The case of the well-dressed but blushing American
It is the season for gifts, to be followed immediately by the season for self-reform. Each year the fashion world takes advantage of the near-coincidence of Christmas and New Year's by setting records for retail sales while trying to make over the shaggy American male into a dandy.
Open a magazine, and you will find dudes staring out of designer-name ads - looking right past you in search of the nearest mirror.These narcissistic young poseurs don't look a bit like your Uncle Franklin, or anybody else on your Christmas necktie list. They are wearing clothes you have never seen on any uncle, or, for that matter, any living being.
Solid red shirts shout from behind jackets featuring alternate panels of blue and rose, with a couple of squares of black thrown in.
An orchid peeps flirtatiously out of a lapel.
In the center of all this busyness, a striped bow tie introduces colors well off the far end of the rainbow.
White trousers abut a vest with quirky little diamond designs, left over, it might seem, from a wallpaper remnants sale.
This, we are instructed, is what the well-dressed man will be wearing in 1984 . Get with it!
From year to year the manifesto varies. Sometimes we are told we are about to experience the New Elegance. Sometimes it is the New Formality. Words like Edwardian get bandied about.
But the essential message is the same. The American male, mousing about in his timid-little-wimp wardrobe, is about to be transformed into a peacock, with an accompanying improvement in his personality, and maybe even his character.
Alas, the propagandists of high fashion underestimate the roots of resistance in the natives. Elegance, grace, style - the American male concedes these virtues to Europeans, if (some inner voice growls) they are, in fact, virtues. For we are, after all, the sons of those frumpy Colonial farmers who ruined what was left of their pant creases, crouched behind the stone walls of Concord and Lexington, while the redcoats marched by in self-destructive nattiness.
The designer-name folk call it elegance, grace, style. We call it decadence, and head for Jerry's Army-Navy Surplus.
Oh sure. A dapper little part of us can be appealed to by the fashion issue of Esquire or the new masculine-chic magazine, M, dedicated to ''The Civilized Man.'' Now and then a faltering uncertainty sneaks into our baggy-pants strut, and we feel a subversive impulse to play Cary Grant or David Niven and be suave in a drawing room.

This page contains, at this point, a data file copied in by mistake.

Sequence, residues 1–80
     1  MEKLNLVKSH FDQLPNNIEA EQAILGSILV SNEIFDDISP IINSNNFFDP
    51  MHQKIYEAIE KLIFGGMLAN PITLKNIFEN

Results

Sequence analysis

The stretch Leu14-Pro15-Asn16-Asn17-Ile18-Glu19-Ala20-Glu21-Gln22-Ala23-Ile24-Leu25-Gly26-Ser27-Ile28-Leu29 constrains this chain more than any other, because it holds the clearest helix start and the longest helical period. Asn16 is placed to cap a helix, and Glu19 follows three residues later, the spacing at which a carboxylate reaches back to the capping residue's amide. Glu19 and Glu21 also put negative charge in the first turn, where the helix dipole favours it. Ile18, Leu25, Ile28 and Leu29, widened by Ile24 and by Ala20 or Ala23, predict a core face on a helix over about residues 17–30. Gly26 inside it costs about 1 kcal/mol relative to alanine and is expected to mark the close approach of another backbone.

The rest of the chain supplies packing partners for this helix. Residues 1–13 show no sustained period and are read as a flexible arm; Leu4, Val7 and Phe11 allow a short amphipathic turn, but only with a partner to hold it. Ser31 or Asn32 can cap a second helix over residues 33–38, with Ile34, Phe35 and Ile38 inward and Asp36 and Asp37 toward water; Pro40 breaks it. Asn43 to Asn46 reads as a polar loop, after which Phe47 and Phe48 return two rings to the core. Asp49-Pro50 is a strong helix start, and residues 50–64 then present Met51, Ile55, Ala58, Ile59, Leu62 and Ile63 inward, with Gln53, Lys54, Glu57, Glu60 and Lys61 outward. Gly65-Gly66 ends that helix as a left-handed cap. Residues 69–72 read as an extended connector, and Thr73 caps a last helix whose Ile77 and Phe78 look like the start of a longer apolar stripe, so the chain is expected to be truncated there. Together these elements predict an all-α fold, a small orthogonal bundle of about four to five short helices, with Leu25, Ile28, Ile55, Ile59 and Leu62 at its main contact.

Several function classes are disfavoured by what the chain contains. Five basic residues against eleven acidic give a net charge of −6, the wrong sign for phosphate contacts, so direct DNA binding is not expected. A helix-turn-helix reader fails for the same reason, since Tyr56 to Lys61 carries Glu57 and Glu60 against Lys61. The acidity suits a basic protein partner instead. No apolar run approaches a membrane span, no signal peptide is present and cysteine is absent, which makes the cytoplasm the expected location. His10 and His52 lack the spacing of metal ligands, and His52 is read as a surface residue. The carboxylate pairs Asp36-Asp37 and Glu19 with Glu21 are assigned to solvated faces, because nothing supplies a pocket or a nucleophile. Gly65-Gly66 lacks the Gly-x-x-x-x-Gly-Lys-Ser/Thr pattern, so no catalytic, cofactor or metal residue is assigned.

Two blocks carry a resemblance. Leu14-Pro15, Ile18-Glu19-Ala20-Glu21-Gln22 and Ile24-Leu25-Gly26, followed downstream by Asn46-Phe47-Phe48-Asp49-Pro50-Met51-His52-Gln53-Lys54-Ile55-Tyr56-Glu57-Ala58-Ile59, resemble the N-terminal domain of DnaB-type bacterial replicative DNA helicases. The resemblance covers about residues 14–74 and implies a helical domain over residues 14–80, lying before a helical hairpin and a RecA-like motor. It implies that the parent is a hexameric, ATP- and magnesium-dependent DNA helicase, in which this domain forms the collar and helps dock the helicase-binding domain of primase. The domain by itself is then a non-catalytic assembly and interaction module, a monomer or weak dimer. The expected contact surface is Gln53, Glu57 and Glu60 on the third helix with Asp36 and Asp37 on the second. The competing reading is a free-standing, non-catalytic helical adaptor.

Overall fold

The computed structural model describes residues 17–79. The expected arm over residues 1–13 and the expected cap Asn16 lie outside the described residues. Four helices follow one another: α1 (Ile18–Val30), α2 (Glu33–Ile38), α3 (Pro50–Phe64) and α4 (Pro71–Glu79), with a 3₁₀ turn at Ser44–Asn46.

But most of the time, we see our model as John Wayne - a laundry bundle of scruffy buckskins, framed by a shapeless hat and dilapidated boots, all piquant in the saddle.
Inside every well-dressed American male - and how few there are! - a slob signals wildly to get out.
Even those who truly want to be well dressed - and the rest of us must grant this ambition, though we can't understand it - betray a certain anxiety in their eyes. As small boys, these true dudes were jeered at by other small boys when they wore shoes instead of sneakers - and then polished them.
No wonder the well-dressed American minority, still hearing those snickers, dares so little. For all the multihued ads, the American male sticks to dark wools like a security blanket.
To get us to try anything else, you have to put ''English'' before it, as in tweeds.
All but the most subdued plaids make us feel like a bookie. Anything approaching evening dress makes us feel like a head waiter. What's left? Charcoal-somber - the gamut from gray to gray that makes us feel like a banker. If we have to dress up, we'll settle for that.
But do we have to? The high-fashion pundits refuse to understand. About the only adjective connected with clothes that can relax an American male is ''casual.'' When it comes to weekend, we can pile on the lumberjack shirts and wild and woolly sweaters and blue jeans and green corduroys, all topped off with a comic hunter's cap.
We have no trouble playing Huckleberry Finn. It's playing Little Lord Fauntleroy that makes us blush.
Who has been well dressed in American history?
Swindlers with stickpins, kid gloves, gold-knob canes, and nicknames like ''Diamond Jim.''
Or movie gangsters played by George Raft and Edward G. Robinson, with even worse nicknames like ''Silk.''
On the other hand, Abraham Lincoln looked like an unmade bed.
The poet James Dickey once suggested that sartorial shagginess is simply the preferred national form of affectation. He characterized his own neo-frontiersman outfit, from leather hat to denim jacket to khaki pants to loggers' boots, as ''tough, gaudy, and phony.''
So be it.
The name-designers can tug at our frayed sleeves as they will. To be sloppy is to have integrity - for better and for worse, that's the American code, and when next it's roundup time in the old garment district, pardner, that's still the way it's going to be.